Officials turn to Top 10 lists for economic boost

Rankings on 'best-of' lists used to promote places to residents, businesses

August 07, 2010|By Lorraine Mirabella, The Baltimore Sun

Whenever people ask why they should move a business to Howard County, Dick Story, perhaps the area's biggest booster, pulls out "the list."

It's a collection of the county's rankings on best-of lists, and it offers plenty of reasons why someone might want to work or live in the largely suburban enclave between Baltimore and Washington — great schools, great parks, great libraries, highly educated work force and so on. And the most recent coup: The Columbia- Ellicott City area landing No. 2 on Money magazine's list of the "Best Places to Live in America."

"We have a list of superlatives," said Story, who heads the county's Economic Development Authority.

But Howard County isn't basking in the glory alone in Maryland.

The Baltimore- Towson metropolitan area ranked as fifth-best for working moms by Forbes magazine in July. Baltimore also landed among "eight hip cities for urban lifestyles," featured in the spring issue of Where to Retire magazine, aimed at readers looking to relocate in their golden years. And in May, the websites and listed Baltimore as the ninth-best place to live for recent college grads.

Call it keeping up with the Joneses writ large. These "best-of" lists and rankings seem to have proliferated and grown in popularity. Compiled by publications, associations and nonprofits, they shine a light on traits as broad as business climates and housing prices, and as specific as Main Streets and locally brewed beer.

Opinions vary as to how much of an economic — and reputation — boost the rankings provide to the cities, states and neighborhoods that celebrate them. A single mention on one list might not mean much. But places that appear consistently in an array of surveys can benefit by selling a total image and stirring interest from potential new businesses and residents.

The nods to Howard County provide independent validation of its attributes and are often used in promotions, said Story, whose agency works to lure companies to the area.

"When everything else is equal, these are the kinds of things that improve the quality of life," Story said. "An executive who makes a decision has to go home and tell the family, 'Guess where we're moving.' It becomes a matter of personal preference."

To be sure, many places fighting crime and grime want to do all they can to accentuate the positive. Baltimore is no exception, having long battled its "Bodymore, Murderland" reputation and sometimes finding itself ranked unfavorably in surveys.

The city was ranked No. 4 (and Washington No. 3) among the "most irritation-prone" cities, according to a survey sponsored by Edge Shaving Gel that measured humidity, traffic, underemployment and comedy clubs per capita.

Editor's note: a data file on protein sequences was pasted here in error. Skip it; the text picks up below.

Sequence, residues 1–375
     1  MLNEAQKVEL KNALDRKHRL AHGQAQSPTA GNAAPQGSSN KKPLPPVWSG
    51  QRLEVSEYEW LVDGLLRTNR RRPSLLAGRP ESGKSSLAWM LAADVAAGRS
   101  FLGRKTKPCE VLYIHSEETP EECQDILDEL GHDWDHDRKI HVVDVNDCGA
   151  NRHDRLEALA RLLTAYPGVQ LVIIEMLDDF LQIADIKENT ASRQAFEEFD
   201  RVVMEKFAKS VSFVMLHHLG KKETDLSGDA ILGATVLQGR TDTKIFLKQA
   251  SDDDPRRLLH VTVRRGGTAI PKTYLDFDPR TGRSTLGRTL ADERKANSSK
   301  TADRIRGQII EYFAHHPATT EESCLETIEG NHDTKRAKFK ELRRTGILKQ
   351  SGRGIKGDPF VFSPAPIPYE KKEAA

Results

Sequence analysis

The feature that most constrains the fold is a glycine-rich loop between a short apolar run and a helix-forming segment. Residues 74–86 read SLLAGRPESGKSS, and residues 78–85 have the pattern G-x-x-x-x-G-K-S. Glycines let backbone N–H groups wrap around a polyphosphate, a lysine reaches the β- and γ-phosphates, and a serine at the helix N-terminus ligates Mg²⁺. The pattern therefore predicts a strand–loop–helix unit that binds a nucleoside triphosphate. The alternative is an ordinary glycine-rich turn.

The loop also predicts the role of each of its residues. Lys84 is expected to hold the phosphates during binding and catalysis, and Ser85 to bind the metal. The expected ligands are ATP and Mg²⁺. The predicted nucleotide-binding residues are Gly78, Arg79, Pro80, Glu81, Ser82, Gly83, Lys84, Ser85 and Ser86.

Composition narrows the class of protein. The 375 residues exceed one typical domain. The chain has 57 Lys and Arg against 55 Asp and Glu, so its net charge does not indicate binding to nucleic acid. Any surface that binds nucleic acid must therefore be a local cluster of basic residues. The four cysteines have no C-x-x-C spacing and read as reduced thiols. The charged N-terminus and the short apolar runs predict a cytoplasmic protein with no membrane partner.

Local government, tourism and economic development officials and real estate agents say they watch the various rankings closely, even plotting ways to improve their scores on surveys.

"It's good to be mentioned favorably in as many of these things as you can, because it reinforces a favorable image, not that any of them will be the overwhelming factor for someone to locate here or move here," said Joseph T. "Jody" Landers III, executive vice president of the Greater Baltimore Board of Realtors.

And if cities or towns slide in the rankings from previous years? Officials say that's nothing to obsess over.

"It reminds me of the Oscar Wilde quote: 'There is only one thing in life worse than being talked about, and that is not being talked about,' " Landers said.

Tom Noonan's favorite accolade for Baltimore came this year from Sherman's Travel and Lonely, both of which placed Baltimore among the Top 10 Underrated Cities.

"The city has changed so much, and our product is so much better than our reputation," said Noonan, president of Visit Baltimore, the city's tourism and convention bureau. "People still have a dated, rust-belt perception."

Noonan says he and his staff pick and choose among the rankings when it comes to promoting the city to visitors and convention groups, depending on who's coming to town. For instance, the bureau directs prospective health convention planners to the U.S. News & World Report ranking of Johns Hopkins as the best hospital in the nation — for 20 years in a row.

The varied designations all add up to branding power, Noonan said, including a nod as the 10th-best large city for art in the U.S., as selected by American Style Magazine readers in May; a ranking in the 30th spot in a Top 100 Fun Cities list by; and Travel + Leisure's nod to the American Visionary Art Museum as one of the 10 places to see before you're 10.

"The more exciting the city is, the better the brand and the more people want to come here," Noonan said.

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